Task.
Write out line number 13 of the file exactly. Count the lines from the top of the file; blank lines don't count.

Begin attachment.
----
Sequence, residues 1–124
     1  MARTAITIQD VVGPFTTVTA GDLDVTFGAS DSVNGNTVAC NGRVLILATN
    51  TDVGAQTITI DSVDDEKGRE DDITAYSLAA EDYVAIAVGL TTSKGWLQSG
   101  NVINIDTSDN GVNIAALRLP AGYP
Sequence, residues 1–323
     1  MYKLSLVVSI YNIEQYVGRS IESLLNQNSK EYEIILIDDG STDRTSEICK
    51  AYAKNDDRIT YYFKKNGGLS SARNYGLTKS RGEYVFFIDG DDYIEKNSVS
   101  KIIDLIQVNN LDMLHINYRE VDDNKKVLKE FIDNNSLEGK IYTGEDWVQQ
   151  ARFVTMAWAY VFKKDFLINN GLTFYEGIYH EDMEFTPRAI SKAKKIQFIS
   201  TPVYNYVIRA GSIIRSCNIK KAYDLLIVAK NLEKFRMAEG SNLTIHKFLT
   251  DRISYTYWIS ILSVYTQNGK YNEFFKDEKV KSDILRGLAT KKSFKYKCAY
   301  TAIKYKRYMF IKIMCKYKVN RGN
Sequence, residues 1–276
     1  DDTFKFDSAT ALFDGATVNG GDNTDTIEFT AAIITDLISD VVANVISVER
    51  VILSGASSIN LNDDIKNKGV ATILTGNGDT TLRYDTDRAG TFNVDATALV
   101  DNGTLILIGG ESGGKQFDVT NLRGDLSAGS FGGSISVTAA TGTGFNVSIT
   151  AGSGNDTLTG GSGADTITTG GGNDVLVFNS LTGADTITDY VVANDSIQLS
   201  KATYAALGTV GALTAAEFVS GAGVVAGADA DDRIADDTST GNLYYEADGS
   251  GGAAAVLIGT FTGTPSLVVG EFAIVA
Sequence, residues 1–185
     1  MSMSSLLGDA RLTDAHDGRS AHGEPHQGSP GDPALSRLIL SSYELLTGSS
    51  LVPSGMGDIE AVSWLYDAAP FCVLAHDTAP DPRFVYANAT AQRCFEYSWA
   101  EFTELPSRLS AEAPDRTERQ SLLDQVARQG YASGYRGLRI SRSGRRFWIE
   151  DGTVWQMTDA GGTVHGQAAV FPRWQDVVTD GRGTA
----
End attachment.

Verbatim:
Sequence, residues 1–276